Re: Kripke semantics

From: Marchal <>
Date: Thu Apr 5 08:08:38 2001

George Levy wrote:

>My binder is getting fatter but I am catching up. Thank you for all this
>wonderful information...

You are welcome.

>I have a couple of questions:
>Could you please define belief and knowledge in terms of a machine's states
>or potential states...

I will define only believable and knowledgeable. It will not be done
directly in term of machine's state or potential states but in term of
provability (consistency) and truth. I will define it in some other

>Is there a relationship between belief, knowledge, consistency and

That is a key question. At some point a form of communicable belief and
communicable knowledge will be defined with the notion of provability
consistency and truth, indeed.
Accepting those definitions could depend on the acceptance of some modal
logical axioms for those concept.
I could have proceed in another way and start directly from the
provability concept bypassing all modal logics. But modal logic
will simplify greatly the reasoning and its translation in arithmetic.
And it helps also to illustrate classical logics.
Nevertheless the fundamental notion will be the godelian formal
provability notion *beweisbar*.

The pedagogical problem we will encounter here is that we must
explain how to translate *beweisbar* in formal aritmetic (which
BTW has not yet been defined) or in the language of the sound
machine (not yet defined too). This is easy but very long to do
in all details, and very tedious too: it looks a little like
defining higher concepts like addition, multiplication, sorting, in
some assembly languages. Perhaps I will, at that moment refer
you toward some books. One of the clearest exposition
is the one given by Godel himself in the original 1931 paper, which
has been published by Dover in 1992. It is cheap.
Using Church thesis it is also possible to bypasse that "assembly
programming" passage, but then some familiarity with theoretical
computer science is needed. Mmmh... We will see.
Let us try not to anticipate to much. But I aknowledge that some
time I should provide motivation, because if I don't, the list
will be completely sleepy when we will arrive to the interesting
matter (interesting with respect to the contemplation of the

>In the physical world, if I see a supernova, then all the worlds within the
>light cone of the supernova see it. Worlds outside the supernova's light
>cone do not.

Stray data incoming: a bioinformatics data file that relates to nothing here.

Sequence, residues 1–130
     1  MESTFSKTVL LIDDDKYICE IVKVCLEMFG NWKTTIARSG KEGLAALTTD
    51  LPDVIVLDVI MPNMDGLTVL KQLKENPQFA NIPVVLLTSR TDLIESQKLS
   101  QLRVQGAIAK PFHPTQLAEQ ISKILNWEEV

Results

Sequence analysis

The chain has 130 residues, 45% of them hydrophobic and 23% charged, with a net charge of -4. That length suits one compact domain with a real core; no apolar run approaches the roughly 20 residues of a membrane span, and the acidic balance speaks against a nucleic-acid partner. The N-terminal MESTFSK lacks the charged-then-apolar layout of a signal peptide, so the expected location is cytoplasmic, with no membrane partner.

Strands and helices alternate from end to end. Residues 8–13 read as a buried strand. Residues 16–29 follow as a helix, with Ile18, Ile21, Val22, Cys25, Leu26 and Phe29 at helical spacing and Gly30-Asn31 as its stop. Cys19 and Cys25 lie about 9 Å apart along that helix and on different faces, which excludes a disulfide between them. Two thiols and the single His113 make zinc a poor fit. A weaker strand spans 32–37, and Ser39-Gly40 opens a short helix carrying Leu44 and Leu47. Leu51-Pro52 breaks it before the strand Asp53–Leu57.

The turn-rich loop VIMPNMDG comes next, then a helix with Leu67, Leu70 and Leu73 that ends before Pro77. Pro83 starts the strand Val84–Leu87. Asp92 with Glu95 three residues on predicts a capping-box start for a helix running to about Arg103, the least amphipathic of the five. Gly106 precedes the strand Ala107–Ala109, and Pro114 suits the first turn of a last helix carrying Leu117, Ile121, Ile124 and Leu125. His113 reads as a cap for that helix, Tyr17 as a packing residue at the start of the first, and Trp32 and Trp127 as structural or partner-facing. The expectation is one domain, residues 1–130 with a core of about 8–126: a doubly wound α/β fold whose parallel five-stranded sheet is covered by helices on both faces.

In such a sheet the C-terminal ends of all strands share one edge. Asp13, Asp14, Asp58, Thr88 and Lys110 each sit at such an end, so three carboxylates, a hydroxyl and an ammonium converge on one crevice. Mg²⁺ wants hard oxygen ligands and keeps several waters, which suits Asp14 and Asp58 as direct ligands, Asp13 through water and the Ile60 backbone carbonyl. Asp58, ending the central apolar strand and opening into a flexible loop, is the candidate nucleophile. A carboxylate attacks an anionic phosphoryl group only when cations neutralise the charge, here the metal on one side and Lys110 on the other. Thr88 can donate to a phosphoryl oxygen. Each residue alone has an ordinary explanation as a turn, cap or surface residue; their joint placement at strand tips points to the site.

>Accessibility could also be defined in terms of information flow in a social
>or economic environment. In a perfectly competitive market, perfect
>information must be available to all buyers and sellers. So for example, the
>(lowest) price P for a particular item is known to be X. .Let this be p
>defined as P=X. Then []p = p. When information flow is restricted, buyers
>and sellers may not have the same information, and therefore []p = p for a
>particular market segment but not for another.

Interesting remarks. You will discover numerous similar applications of
modal logic in the literature.

You get a good intuition but for the sake of precision and shortness I
will recall the definition of "The frame (W,R) respects a modal
sentence S", and state precisely some theorems, instead of commenting
precisely the rest of your post. But please continue to tell me
if you follow.

(W, R) respects S
       (where W is a set of "worlds", and R an "accessibility" relation)

means that

all model (W,R,V) satisfies S. Where V are valuations. V transforms
the frame into a model, that is V attributes truth values to the
atomic propositions p, q, r, ... inside each world.

I recall of course that a model (W,R,V) satisfies S if S is true
in all the worlds in W, when we take the valuation V.

iff = an abreviation of if and only if, or <=>

I don't recall Kripke semantics, except that []p is true in w, if
p is true in all worlds accessible from w.

I will say that a frame (W,R) is reflexive (resp. transitive, ...)
when R is reflexive (resp. transitive, ...). I will perhaps
do other "abus de langage" of this kind without mentionning.


1. (W,R) respects []p -> p iff (W,R) is reflexive,

2. (W,R) respects []p -> [][]p iff (W,R) is transitive,

3. (W,R) respects p -> []<>p iff (W,R) is symmetric,

4. All frames respect [](p->q) -> ([]p -> []q).

Let us prove 1. and 4. (I leave 2. and 3. as exercice)

Proof of 1.

Because of the "iff" we must prove two things.

we must prove a) if R is reflexive then (W,R) respects []p -> p,
and we must prove b) if (W,R) respects []p -> p then R is reflexive.

Let us prove a).
To prove that "if A then B", a traditional way consists in supposing
that we have A and not B, and showing that this leads to a
contradiction. (BTW you can verify that ((A & -B) -> FALSE) <-> (A->B))
is a tautology).
So, let us suppose that R is reflexive and that (W,R) does not
respect []p -> p.
To say that (W,R) does not respect []p -> p means that there is at
least one world w in which []p -> p is false. Remember that worlds
obeys classical logic, so that if []p -> p is false at w, it means
that []p is true at w and p is false at w (and -p is true at w).